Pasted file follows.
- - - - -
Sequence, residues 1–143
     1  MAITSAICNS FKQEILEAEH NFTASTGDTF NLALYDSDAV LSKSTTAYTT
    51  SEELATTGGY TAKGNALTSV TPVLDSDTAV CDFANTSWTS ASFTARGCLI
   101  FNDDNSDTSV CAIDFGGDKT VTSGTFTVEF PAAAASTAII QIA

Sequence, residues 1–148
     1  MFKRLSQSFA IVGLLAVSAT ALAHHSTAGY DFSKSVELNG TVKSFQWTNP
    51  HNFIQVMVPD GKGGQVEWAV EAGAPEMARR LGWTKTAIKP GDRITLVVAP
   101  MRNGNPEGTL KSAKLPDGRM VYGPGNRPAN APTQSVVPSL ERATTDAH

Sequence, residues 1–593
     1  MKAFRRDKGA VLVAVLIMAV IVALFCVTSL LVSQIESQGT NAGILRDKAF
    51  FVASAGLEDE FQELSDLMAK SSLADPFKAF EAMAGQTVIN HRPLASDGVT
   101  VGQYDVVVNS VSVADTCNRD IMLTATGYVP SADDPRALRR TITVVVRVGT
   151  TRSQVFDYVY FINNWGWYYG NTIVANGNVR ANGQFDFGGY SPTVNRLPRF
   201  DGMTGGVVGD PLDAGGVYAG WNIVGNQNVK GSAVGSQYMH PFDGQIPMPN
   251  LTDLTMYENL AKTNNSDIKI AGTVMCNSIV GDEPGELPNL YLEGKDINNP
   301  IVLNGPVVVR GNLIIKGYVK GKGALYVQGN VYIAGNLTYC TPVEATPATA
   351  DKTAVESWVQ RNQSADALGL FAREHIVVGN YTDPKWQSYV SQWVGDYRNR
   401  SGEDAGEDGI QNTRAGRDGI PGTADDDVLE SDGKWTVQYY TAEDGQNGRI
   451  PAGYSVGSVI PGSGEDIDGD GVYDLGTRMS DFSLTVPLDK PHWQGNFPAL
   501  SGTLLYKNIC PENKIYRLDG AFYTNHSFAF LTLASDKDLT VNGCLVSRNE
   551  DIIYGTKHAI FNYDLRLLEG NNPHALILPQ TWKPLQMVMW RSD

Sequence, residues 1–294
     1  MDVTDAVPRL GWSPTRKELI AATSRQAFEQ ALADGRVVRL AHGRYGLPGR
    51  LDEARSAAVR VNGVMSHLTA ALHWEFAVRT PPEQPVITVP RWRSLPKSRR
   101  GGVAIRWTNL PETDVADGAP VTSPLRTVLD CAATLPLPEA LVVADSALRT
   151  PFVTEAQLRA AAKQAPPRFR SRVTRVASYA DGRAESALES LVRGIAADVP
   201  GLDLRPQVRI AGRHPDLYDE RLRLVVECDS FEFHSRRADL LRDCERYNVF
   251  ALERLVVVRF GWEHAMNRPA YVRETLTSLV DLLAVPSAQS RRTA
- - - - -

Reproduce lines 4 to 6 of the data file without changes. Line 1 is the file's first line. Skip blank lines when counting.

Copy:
   101  FNDDNSDTSV CAIDFGGDKT VTSGTFTVEF PAAAASTAII QIA

Sequence, residues 1–148
     1  MFKRLSQSFA IVGLLAVSAT ALAHHSTAGY DFSKSVELNG TVKSFQWTNP